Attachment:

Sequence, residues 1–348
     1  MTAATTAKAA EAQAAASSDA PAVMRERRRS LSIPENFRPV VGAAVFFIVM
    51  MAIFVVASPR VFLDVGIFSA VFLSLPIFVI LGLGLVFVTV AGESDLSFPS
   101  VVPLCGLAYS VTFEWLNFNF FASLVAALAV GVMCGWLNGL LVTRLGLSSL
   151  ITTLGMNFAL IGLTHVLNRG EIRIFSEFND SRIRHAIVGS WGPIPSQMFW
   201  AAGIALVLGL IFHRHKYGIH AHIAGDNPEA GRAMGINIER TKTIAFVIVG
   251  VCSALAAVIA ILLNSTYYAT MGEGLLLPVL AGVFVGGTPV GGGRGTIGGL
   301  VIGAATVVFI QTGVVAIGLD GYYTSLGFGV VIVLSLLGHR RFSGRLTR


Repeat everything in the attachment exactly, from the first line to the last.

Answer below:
Sequence, residues 1–348
     1  MTAATTAKAA EAQAAASSDA PAVMRERRRS LSIPENFRPV VGAAVFFIVM
    51  MAIFVVASPR VFLDVGIFSA VFLSLPIFVI LGLGLVFVTV AGESDLSFPS
   101  VVPLCGLAYS VTFEWLNFNF FASLVAALAV GVMCGWLNGL LVTRLGLSSL
   151  ITTLGMNFAL IGLTHVLNRG EIRIFSEFND SRIRHAIVGS WGPIPSQMFW
   201  AAGIALVLGL IFHRHKYGIH AHIAGDNPEA GRAMGINIER TKTIAFVIVG
   251  VCSALAAVIA ILLNSTYYAT MGEGLLLPVL AGVFVGGTPV GGGRGTIGGL
   301  VIGAATVVFI QTGVVAIGLD GYYTSLGFGV VIVLSLLGHR RFSGRLTR